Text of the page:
-ctlfn $ctlfn \
	  -cepdir $cepdir \
	  -cepext $cepext \
	  -insentfn  $lsnfn \
	  -outsentfn $alignfile \
	  -wdsegdir $aligndir,CTL \
	  -agc none \
	  -cmn current \

>& $logfile

exit 0

—– end of script —–

IMPORTANT:

(1) You MUST manually create the directories $resultdir and $aligndir.

 Otherwise, the timealign program will crash.

(2) You should change the variable “outname” to the directory where

 you want the output to go. Everything will go under
 "./alignments" (unless you change it). Then, suppose you name
 the variable "outname" as "results_01", then the results will
 go to the "./alignments/results_01" directory.

(3) The “-wdsegdir” switch is added so that the program dumps

 segmentation information utterance by utterance.

E. How to Interpret the Results?


Suppose that you output your results to the directory “./alignments/Myexpt”, this directory will contain a bunch of files with the “.wdseg” extension. If you look at a file, it will look like:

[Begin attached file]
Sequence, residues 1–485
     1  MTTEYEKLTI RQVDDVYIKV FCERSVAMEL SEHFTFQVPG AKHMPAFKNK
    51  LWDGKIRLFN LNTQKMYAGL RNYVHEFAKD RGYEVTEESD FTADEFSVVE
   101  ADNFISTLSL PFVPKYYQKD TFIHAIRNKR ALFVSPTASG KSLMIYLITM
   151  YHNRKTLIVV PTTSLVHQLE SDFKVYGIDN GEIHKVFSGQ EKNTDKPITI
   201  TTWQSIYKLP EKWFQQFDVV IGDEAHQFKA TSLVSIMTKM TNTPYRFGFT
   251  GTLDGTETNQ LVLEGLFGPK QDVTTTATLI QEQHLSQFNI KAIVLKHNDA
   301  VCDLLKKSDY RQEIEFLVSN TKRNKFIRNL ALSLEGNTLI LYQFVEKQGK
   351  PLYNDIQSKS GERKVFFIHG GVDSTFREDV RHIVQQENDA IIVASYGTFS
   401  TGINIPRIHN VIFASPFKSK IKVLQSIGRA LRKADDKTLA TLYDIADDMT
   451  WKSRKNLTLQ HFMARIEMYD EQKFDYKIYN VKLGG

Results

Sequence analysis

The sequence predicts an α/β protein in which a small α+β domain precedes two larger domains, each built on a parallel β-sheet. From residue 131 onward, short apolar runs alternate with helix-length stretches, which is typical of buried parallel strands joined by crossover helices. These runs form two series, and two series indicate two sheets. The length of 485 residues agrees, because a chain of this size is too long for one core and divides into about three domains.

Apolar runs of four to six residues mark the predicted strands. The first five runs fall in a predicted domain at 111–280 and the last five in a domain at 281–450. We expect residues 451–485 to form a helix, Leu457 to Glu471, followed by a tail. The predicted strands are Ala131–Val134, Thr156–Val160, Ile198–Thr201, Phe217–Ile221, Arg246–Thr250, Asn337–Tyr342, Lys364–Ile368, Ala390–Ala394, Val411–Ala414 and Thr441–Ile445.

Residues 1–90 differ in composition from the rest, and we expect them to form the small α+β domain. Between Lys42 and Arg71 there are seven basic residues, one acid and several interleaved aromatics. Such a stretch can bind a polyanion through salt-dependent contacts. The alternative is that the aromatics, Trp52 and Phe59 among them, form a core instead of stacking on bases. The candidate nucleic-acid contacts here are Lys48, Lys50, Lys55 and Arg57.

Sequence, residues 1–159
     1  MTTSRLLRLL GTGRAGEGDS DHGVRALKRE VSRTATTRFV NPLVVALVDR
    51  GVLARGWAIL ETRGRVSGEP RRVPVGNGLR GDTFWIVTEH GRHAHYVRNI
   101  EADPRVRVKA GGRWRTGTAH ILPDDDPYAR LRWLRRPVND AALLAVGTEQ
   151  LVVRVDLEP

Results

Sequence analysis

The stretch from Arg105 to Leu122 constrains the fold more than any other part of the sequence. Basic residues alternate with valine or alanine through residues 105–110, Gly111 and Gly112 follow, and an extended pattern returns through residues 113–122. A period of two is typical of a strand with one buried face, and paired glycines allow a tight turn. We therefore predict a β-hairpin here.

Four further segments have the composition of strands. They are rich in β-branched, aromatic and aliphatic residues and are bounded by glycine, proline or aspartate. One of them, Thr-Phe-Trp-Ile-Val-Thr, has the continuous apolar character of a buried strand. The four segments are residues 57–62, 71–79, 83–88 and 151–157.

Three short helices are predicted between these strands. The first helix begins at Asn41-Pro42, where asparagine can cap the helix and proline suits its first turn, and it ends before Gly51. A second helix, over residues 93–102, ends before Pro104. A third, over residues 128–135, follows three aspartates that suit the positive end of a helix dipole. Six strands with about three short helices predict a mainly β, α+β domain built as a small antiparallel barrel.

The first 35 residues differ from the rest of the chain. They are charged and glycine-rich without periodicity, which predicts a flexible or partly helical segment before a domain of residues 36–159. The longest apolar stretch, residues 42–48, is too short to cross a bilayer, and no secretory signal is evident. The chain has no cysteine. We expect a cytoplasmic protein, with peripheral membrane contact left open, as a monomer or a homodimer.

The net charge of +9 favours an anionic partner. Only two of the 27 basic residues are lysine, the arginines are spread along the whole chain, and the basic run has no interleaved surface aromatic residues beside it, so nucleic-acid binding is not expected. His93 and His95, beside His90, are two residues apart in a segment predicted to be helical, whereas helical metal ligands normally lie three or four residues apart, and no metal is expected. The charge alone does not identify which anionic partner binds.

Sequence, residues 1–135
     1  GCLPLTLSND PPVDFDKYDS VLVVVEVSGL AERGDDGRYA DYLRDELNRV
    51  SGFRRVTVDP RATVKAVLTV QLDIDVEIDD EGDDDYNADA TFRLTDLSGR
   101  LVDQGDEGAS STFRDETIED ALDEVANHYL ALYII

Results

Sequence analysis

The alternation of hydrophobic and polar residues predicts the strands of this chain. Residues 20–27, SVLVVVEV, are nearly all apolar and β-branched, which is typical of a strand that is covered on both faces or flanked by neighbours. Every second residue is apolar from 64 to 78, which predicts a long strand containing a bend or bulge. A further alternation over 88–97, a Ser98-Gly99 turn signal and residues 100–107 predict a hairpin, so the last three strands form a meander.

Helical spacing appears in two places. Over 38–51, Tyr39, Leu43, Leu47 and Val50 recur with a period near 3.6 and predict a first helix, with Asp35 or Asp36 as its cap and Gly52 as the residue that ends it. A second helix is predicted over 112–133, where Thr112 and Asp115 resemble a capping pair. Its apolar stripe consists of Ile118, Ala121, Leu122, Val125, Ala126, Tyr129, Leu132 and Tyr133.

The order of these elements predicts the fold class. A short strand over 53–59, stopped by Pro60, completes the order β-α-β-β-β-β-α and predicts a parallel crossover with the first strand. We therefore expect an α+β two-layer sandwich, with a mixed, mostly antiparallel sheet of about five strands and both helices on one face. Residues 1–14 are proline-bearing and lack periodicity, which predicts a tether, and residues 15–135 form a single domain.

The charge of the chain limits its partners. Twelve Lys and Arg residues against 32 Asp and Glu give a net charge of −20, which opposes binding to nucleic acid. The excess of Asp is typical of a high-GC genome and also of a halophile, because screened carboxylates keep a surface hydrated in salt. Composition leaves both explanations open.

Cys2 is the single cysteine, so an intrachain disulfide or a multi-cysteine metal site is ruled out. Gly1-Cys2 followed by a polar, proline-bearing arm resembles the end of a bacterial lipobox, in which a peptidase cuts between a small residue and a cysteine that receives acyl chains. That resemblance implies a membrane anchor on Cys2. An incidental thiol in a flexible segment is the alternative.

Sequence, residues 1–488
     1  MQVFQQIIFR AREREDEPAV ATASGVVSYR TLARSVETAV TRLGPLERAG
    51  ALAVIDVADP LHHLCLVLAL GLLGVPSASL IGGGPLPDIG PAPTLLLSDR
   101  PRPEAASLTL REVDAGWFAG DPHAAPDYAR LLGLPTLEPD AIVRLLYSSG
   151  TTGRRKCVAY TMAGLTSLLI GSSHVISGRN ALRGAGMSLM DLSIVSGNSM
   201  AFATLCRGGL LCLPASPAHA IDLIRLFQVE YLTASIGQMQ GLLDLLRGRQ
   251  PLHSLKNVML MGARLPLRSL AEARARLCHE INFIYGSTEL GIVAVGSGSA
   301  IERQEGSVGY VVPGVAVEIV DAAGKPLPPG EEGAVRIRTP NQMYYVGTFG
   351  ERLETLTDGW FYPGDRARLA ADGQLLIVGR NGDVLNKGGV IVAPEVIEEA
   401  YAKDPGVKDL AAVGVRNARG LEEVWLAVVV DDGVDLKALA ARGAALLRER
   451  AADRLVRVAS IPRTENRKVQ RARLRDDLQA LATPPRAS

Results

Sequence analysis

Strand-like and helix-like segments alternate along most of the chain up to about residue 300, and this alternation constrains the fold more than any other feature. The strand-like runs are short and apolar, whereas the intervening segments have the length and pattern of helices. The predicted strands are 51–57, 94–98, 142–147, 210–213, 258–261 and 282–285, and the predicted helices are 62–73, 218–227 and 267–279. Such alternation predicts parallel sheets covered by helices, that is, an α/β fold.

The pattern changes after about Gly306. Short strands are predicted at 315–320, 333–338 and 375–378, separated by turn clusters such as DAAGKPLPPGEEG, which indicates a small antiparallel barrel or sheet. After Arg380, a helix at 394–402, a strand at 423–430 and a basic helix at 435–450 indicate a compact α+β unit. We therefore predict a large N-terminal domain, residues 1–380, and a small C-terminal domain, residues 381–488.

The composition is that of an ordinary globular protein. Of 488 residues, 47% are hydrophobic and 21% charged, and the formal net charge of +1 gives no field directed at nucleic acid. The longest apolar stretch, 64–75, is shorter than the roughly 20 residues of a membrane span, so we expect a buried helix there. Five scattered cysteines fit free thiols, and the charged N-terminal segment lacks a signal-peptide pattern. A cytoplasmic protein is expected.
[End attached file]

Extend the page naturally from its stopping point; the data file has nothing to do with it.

mangueira.speech.cs.cmu.edu% more 06f3s4t1_8.mfc.wdseg

		SFrm  EFrm	 SegAScr Word
			0	 18	  730020 <sil>
		  19	 61	-6491857 seven
		  62   -12	-3907457 <sil>
		 113   -19	  693289 <sil>

Total score: -8976005

This is from decoding a cepstra file which has an utterance of “six” against the Sphinx 3 acoustic model for “seven”. It should you the acoustic scores at each word segment of the decoded result. The score that is important is the “Total score”.

What you should do next is to implement something similar in Sphinx 4, and then compare the “Total score” from Sphinx 4 with this “Total score”. This way, you can tell if there is anything wrong with the Sphinx 4 acoustic scoring code.

  1. – End of Document —

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sphinx4/sphinxthreealigner.txt · Last modified: 2010/08/03 21:48 (external edit)